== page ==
Whether it's the corporate lunchroom, your cubicle, or the local watering hole after work, there are regular places we gather to discuss news, sports or -- if you're like us -- stocks. Here at Motley Fool CAPS, we gather around the virtual water cooler daily to rate stocks and delve into their merits as investments.

Our 120,000-strong CAPS community -- where members give the thumbs-up or thumbs-down to some 5,400 stocks -- has shown a propensity for making prescient market calls. Our data indicates that newly minted five-star stocks offer some of the best opportunities to investors, while the lowest-rated companies fare worst. Below, we'll take a look at some of the top stocks in the CAPS universe that you're talking about the most and whether you think they will outperform or underperform the market.

Stock

CAPS Rating (out of 5)

No. of Recs

% Outperform

Advanced Micro Devices (NYSE:AMD)

**

3099

81%

Amazon.com (NASDAQ:AMZN)

**

3284

71%

Chesapeake Energy (NYSE:CHK)

*****

5876

97%

Goldman Sachs (NYSE:GS)

***

4990

90%

Wal-Mart (NYSE:WMT)

***

5037

86%

A tall drink of water
The oligarchs running Goldman Sachs, Citigroup (NYSE:C), and a handful of other investment houses were front-and-center participants in creating the instability of our financial markets. CAPS member LipniakMajorat figures the landscape has been radically altered so that Goldman will be unable to churn out the profits it was once famous for:

[Goldman Sachs] is essentially a black box kind of operation relying on complex, typically quantitative models that had performed well but are unlikely to work for the next year or so. I believe markets will not follow historical patterns (quantitative models rely on those patterns) for quite some time, thus not only restricting [Goldman Sachs]'s ability to make money but also undermining its very business model. Furthermore, FDIC's regulated banks, and [Goldman Sachs] is now one of those, have made a fraction of investment banks' profits. While Goldman did far better than others navigating through the ongoing credit crunch, I am just not sure where its profits will now come from.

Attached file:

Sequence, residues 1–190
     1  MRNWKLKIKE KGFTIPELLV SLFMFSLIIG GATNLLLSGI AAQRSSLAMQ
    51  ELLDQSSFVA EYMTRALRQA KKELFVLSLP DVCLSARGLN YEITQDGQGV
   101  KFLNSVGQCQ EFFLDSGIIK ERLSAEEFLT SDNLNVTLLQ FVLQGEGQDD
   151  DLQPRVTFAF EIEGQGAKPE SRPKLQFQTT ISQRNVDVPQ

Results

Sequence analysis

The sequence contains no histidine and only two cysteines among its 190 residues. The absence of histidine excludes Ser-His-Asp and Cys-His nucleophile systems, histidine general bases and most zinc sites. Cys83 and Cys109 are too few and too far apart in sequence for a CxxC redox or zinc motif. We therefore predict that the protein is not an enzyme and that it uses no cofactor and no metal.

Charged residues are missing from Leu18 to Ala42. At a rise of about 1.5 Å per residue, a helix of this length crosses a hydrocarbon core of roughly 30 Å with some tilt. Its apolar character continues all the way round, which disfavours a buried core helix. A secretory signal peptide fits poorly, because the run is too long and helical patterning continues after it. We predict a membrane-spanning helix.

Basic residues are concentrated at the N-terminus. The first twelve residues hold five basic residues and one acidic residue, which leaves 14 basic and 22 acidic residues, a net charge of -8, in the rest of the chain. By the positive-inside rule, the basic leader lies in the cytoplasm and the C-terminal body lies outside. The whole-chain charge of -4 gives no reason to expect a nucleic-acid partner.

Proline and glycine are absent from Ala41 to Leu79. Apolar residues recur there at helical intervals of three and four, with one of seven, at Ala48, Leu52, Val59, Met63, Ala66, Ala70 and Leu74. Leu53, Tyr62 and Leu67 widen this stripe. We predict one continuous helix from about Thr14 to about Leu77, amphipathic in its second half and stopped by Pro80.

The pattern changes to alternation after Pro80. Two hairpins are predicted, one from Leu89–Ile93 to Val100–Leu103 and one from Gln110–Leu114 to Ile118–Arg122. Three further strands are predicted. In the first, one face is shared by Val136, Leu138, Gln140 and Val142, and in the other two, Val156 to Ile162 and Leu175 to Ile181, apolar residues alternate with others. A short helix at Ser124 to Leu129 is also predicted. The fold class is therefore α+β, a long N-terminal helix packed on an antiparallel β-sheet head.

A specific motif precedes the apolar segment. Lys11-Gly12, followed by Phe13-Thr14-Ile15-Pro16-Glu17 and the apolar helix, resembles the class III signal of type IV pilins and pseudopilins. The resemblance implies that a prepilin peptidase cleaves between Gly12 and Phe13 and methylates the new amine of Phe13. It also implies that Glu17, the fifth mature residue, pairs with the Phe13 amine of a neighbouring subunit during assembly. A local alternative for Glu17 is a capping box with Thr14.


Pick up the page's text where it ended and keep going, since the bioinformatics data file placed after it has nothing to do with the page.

Wal-Mart is another firm often considered a pariah, though for completely different reasons. Although it has made itself an integral part of many consumers' plans to survive this recession, CAPS All-Star kaskoosek feels that the valuation of the discount retailer exceeds a rational risk-reward ratio:

Yield of 1.7%???? Sorry but this is very low for me. Add to that a very high market cap and P/E ratio. Earnings at best should stay the same and not improve. This is not a monopolistic sector to have a valuation this high. Risk/Reward is not attractive.

Lately it seems that Advanced Micro Devices is looking to become more of a niche player against the dominance of Intel (NASDAQ:INTC). However, CAPS member YaHammar is hopeful that the new cash infusion it received from the Abu Dhabi sovereign fund will be enough to fund its growth to mount a serious challenge to the prevailing status quo:

The demand for chips of all varieties will increase for the foreseeable future. Eventually the refurbished chips of the past that are so pervasive in all industry today will not be able to keep up. Business owners will be fed up with sub-standard chips ... Intel will not be able to fill this void completely. [Advanced Micro Devices] will have a nitch and a growing one at that. Additionally, the external help of UAE putting billions into this company demonstrate future confidence in AMD's ability to rebound.

Gather 'round
Sometimes exploring the CAPS community is like trying to take a sip from a fire hose -- there are so many good opinions about today's top companies. Why not grab a pointy paper cup from the dispenser and join us at the Motley Fool CAPS water cooler, where your input can help guide other investors to stocks with bright prospects for growth? Read a company's financial reports, scrutinize key data and charts, and examine the comments your fellow investors have made, all from a stock's CAPS page.

Sign up today for the completely free service, and let us hear what you have to say about the great -- and almost great -- companies that interest you.

Fool contributor Rich Duprey owns shares of Wal-Mart and Intel but does not have a financial position in any of the other stocks mentioned in this article. You can see his holdings here. The Motley Fool has a disclosure policy.

Wal-Mart, Intel, and Chesapeake Energy are Motley Fool Inside Value picks. The Fool owns shares and covered calls of Intel. Amazon.com is a Motley Fool Stock Advisor selection. Try any of our Foolish newsletters today, free for 30 days.